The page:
3. The exchange of prisoners occurred on the same day when a large-scale mobilization of reservists began in Russia. President Putin made a speech about the transition to total war. However, the prisoners’ exchange with Ukraine increased public dissatisfaction. The political exchange of V. Medvedchuk, who is not a Russian citizen, and after the start of the war, was publicly accused of providing false information about the desire of Ukrainians to “greet” the aggressor, caused particularly sharp criticism. The February 24th invasion was based on similar misinformation and led to the complete failure of the first phase of the war.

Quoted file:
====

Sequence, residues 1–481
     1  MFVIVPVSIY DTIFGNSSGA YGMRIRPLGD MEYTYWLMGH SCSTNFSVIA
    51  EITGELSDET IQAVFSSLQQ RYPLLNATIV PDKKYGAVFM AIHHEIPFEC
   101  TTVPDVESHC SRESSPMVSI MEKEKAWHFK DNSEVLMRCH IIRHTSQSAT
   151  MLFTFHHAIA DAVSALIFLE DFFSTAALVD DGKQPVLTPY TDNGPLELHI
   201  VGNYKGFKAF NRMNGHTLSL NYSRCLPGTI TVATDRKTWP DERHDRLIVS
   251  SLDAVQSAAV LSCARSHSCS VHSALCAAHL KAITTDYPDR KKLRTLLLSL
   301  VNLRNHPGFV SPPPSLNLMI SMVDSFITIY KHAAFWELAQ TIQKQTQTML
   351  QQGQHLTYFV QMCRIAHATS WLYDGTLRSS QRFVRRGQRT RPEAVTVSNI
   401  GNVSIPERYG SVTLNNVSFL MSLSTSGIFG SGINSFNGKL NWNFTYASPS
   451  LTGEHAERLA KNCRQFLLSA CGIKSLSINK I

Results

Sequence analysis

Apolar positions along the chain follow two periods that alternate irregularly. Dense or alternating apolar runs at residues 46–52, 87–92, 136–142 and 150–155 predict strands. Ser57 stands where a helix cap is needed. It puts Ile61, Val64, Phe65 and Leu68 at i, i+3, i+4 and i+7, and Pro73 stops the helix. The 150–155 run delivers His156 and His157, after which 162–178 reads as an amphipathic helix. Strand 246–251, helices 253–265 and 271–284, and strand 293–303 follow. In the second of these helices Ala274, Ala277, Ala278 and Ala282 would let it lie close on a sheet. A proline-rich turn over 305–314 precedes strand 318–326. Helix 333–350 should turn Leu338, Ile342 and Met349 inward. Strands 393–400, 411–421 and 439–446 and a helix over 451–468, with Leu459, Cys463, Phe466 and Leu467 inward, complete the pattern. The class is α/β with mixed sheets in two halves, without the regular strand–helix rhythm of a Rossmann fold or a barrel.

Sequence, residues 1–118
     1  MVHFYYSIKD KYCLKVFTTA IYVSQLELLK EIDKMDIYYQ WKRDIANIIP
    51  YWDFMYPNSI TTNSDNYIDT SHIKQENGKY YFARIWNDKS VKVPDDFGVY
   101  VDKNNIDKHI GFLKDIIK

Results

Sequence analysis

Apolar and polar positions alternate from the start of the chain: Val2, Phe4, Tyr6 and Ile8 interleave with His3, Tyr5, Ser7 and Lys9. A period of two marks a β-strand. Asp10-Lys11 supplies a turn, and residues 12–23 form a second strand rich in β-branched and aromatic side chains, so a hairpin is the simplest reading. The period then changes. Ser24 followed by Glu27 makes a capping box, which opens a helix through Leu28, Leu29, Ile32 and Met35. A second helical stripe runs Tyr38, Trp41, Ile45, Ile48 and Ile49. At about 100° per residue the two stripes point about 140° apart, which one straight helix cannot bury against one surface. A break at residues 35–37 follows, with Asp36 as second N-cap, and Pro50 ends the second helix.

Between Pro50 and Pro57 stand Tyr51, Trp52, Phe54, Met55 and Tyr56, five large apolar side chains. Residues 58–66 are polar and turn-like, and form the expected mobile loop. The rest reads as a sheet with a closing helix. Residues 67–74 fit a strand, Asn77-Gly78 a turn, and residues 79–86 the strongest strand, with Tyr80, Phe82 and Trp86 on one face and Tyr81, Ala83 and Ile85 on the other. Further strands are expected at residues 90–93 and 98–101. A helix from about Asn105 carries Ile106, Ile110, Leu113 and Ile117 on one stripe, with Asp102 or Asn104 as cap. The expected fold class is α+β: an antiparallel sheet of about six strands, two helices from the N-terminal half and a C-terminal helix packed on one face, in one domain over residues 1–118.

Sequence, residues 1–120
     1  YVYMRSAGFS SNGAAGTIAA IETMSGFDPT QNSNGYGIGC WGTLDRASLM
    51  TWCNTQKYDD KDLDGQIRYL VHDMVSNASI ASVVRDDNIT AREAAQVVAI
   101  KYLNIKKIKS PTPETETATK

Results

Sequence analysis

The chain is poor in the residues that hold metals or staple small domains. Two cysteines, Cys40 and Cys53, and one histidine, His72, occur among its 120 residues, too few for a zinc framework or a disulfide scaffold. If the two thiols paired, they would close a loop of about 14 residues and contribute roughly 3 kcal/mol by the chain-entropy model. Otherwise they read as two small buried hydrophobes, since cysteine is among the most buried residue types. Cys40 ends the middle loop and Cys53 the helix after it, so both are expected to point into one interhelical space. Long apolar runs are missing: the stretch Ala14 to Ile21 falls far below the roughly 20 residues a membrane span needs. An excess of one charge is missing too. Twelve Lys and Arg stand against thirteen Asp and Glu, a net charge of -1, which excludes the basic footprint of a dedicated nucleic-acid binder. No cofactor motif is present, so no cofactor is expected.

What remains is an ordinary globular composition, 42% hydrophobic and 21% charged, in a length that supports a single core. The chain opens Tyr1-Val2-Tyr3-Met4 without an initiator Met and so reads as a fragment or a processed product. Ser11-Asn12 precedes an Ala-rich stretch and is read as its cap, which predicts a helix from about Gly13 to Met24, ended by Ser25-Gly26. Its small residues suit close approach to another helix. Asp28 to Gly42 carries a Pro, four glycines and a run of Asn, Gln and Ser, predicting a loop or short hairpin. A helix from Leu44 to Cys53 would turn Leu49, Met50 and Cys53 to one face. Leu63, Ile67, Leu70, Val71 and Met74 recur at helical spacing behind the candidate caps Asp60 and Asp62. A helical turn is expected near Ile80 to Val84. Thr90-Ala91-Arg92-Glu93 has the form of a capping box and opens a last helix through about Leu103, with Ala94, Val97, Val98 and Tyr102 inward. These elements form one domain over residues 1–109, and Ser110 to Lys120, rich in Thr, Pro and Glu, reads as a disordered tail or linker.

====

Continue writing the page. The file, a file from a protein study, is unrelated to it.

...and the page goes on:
The transfer of the “Azov” regiment’s commanders to Ukraine destroyed the Russian information myth about “denazification” as one of the publicly shared goals of the war. In the Russian mass consciousness, the Azov regiment was demonstrated as those nationalists against whom a full-scale war was launched. The voluntary surrender of the commanders of this unit completely contradicts official propaganda. It can be predicted that talks about “denazification” will gradually disappear from the agenda inside Russia and in international negotiations.
Mobilization and “referendums”: raising the stakes in the foreign field and an attempt of Putin’s stabilization inside the Russian Federation